by Jeff Woods
There is no more fundamental American freedom than the freedom of speech. The right of the people to exchange ideas and to protest government actions they find unwise is enshrined in the both the United States and Tennessee Constitutions. Defending such essential American rights should be the very first job of our State Government.
The Haslam Administration’s recent efforts to shut down protests on Legislative Plaza goes in the other direction and should be condemned by all Tennesseans, regardless of political persuasion. Legislative Plaza is a public place, owned by the people, paid for by the people, and used by the people for years as a place to exercise their First Amendment rights. Now, all of a sudden, the Haslam Administration is charging citizens for the right to use their own Plaza, limiting citizens’ access to that public space to hours when most citizens with day jobs cannot exercise their free speech rights, and imposing a million dollar insurance requirement that many citizens doubtless cannot satisfy. The intended effect is to close the Legislative Plaza to the very citizens who are supposed to be in command of our democratic state and federal governments.
Administration officials’ suggestion that the new policies are needed to prevent “deteriorating sanitary conditions” and “maintain security and safety” do not hold water. Tennessee has long had laws in place to deal with such issues; if individuals are acting in ways that endanger others, then state and local officials have the power to stop those particular people without at the same time infringing on the rights of other citizens.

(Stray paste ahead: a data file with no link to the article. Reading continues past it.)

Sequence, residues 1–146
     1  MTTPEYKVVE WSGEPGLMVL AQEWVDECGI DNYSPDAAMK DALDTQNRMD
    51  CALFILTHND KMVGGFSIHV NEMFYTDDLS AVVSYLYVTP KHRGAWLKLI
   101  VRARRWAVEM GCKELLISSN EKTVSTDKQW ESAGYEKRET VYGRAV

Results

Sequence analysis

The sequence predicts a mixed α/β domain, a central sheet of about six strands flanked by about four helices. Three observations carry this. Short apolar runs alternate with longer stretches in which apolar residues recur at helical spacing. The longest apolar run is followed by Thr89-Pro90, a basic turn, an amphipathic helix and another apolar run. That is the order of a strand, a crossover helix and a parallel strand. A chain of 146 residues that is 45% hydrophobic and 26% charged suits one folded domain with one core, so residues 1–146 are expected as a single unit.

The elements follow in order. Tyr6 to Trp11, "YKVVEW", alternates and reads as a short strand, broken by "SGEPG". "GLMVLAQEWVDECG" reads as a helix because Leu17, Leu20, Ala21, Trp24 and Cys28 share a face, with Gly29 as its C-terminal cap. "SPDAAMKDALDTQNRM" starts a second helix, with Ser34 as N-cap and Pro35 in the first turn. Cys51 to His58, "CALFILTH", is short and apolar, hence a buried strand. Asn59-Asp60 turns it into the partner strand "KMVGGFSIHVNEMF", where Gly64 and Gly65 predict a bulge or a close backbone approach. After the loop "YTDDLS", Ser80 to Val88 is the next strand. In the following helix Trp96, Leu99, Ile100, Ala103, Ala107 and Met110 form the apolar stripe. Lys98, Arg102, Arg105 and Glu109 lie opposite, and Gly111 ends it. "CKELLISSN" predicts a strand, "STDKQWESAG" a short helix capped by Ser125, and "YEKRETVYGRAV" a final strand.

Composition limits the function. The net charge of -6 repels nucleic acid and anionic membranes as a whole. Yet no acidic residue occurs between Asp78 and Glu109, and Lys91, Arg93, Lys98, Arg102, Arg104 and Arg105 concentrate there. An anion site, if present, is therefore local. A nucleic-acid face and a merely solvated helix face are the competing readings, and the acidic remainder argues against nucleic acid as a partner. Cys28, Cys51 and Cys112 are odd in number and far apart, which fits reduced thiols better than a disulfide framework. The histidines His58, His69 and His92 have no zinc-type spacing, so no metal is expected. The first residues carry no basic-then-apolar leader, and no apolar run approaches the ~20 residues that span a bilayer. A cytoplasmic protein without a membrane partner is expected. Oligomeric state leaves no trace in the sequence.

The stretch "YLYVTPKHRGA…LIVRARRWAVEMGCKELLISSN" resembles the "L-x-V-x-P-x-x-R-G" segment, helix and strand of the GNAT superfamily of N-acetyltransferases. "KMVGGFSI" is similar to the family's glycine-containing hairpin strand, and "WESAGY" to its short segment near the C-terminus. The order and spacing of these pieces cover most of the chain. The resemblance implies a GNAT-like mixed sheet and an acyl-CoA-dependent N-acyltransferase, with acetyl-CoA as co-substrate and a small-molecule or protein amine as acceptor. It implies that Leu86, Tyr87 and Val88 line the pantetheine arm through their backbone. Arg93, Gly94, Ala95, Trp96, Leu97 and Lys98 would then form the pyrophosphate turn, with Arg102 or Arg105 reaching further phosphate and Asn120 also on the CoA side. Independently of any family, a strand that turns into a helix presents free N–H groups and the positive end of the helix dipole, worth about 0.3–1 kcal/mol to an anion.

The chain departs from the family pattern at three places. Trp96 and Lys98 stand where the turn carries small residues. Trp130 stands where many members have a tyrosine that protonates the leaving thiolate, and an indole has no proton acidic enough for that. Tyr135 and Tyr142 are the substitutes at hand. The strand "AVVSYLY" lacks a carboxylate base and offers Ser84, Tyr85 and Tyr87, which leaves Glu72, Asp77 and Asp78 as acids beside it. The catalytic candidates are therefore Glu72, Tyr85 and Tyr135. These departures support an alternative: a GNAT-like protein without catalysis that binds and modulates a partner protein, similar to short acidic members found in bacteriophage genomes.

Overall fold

At a time when young men and women are putting themselves in harm’s way in war zones halfway around the world to defend our rights, we should be particularly vigilant to preserve those rights at home. The world has always looked to our country to set the example for all peoples desirous of freedom; we should be careful every day to maintain that moral high ground.
It was not long ago that a group of college students led a protest march past what is now Legislative Plaza to the Davidson County Courthouse and successfully persuaded then Mayor Ben West to be the first leader in the South to de-segregate downtown businesses. In that same spirit, we should welcome peaceful protesters to our public spaces whether or not those protesters happen to be promoting ideas that we agree with.
Our Tennessee Constitution reminds us that “all power is inherent in the people, and all free governments are founded on their authority.” I call on Governor Haslam to immediately rescind all new policies designed to make peaceful demonstrations more difficult and to thereby return Legislative Plaza to the control of the people of Tennessee.